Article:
The position of this church is that, in cases where the life of the mother is threatened, where pregnancy results from rape or incest, or where the embryo or fetus has lethal abnormalities incompatible with life, abortion prior to viability should not be prohibited by law or by lack of public funding of abortions for low income women. On the other hand, this church supports legislation that prohibits abortions that are performed after the fetus is determined to be viable, except when the mother's life is threatened or when lethal abnormalities indicate the prospective newborn will die very soon.
Beyond these situations, this church neither supports nor opposes laws prohibiting abortion.
 The statement steers into the middle between supporting and opposing abortion, counseling against abortion except in certain circumstances, but refusing to make a fully public act out of private autonomy. This has been troublesome to both pro-life and pro-choice parties--so much so that JLE was requested to publish articles about the “unresolved issues” in the statement regarding spousal/parental consent and public funding. That these two question are left open, one a matter of intervening in a private relationship and the other a matter of public funding, signifies that we are sensitive to this unresolved private/public conundrum.
 This month three reviewers read a book by a pro-life activist that seeks to demonstrate that the history of our Christian tradition has been pro-life through reference to various scriptural and historical texts. I will leave it to our esteemed reviewers to discuss the merits of the book, and to the author to respond. Though I will note that Jewish legal tradition regarding this matter is fairly complex and considers the life of the mother to be very important, and I am not clear whether that is reflected in the book or in the reviews. Michael Shahan, JLE's book review editor, introduces the authors to us.
 What one might notice about the three reviewers is the different questions they ask of the texts. Where Guill and Bailey are most interested in the texts themselves, Yarrison inquires about the context, noting that “Di Mauro has entirely neglected to engage the historical social context and reasoning.” This raises the question that plagues many churches on many social issues — to what degree does context matter when we are talking about a tradition which has survived two thousand years?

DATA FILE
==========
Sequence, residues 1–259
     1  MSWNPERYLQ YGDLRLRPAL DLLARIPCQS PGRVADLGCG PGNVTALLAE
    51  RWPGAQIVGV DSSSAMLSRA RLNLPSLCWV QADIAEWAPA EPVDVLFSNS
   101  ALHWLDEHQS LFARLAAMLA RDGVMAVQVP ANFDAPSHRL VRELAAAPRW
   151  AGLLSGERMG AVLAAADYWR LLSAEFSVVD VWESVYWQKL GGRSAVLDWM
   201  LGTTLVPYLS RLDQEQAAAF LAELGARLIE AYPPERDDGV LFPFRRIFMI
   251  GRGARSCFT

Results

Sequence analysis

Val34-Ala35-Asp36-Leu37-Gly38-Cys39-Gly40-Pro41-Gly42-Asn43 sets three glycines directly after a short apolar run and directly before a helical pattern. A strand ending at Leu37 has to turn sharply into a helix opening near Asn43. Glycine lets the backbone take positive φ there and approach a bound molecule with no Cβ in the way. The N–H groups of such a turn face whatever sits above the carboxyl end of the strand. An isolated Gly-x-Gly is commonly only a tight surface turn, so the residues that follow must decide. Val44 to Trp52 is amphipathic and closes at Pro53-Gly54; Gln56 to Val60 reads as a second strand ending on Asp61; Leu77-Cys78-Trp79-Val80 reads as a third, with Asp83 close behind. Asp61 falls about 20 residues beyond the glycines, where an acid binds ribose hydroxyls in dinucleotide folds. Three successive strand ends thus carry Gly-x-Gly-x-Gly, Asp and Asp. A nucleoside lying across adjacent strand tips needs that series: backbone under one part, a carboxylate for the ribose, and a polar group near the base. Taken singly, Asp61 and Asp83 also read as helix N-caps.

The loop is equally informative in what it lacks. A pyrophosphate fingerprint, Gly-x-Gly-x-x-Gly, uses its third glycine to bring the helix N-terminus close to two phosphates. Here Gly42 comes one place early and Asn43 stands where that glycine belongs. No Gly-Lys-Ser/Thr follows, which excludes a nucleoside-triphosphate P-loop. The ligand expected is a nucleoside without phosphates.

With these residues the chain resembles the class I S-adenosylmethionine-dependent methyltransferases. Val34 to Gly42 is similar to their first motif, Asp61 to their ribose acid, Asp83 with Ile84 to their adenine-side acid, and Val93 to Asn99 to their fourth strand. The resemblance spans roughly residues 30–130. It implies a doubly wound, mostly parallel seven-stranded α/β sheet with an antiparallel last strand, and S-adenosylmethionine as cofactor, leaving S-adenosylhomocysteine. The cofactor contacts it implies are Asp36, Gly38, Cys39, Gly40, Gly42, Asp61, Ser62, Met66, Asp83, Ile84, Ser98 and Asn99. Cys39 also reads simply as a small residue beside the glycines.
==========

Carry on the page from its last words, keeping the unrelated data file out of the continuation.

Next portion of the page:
If context matters, we have much to give us pause in deciding whether historical Christianity is pro-life — the historical misuse of women's bodies, the lack of women's voices out of history, the context which di Mauro describes, in which babies were left to die of exposure. When most of the writing we are discussing has been the product of men, do we have to add anything in to interpretation of that work to incorporate the voice of women? Does the reality of a historical thinker's private life affect the meaning of his support for the pro-life position?1 The contrapuntal question is whether and how we can take all these questions of context into account and still breathe life into a faith tradition that does not suffer from such endless qualification as to become meaningless.
 Fundamentally, I still believe that what matters most for our context as Christians in the United States, in which we have to formulate laws for a nation that does not share our beliefs, is working to understand how we as Christian citizens should put our faith and citizenship to work. The ELCA's social statement commits the church to a stance that preserves life. But we find we cannot easily transfer that stance on what some understand to be a private decision into a public rule. We have to take the extra step of asking ourselves generally: what kinds of public laws do our private religious tenets demand that we advocate? Until we understand that, on so many levels, the debate about abortion is about public and private, we will continue to be surprised that attempts to answer questions about public policy out of private faith fails to gain sufficient support.
The Rev. Kaari Reierson is the Senior Editor of the Journal of Lutheran Ethics and Associate Director for Studies in Church in Society of the Evangelical Lutheran Church in America.
1. Considering his well-known extramarital activities and indifferent treatment of his wife and children, I will have to admit to a sense of suspicion that Karl Barth is named as a supporter of the unborn. When the private life of someone fails to live up to his publicly stated beliefs, how are we to regard those beliefs?
© May 2010
Journal of Lutheran Ethics
Volume 10, Issue 5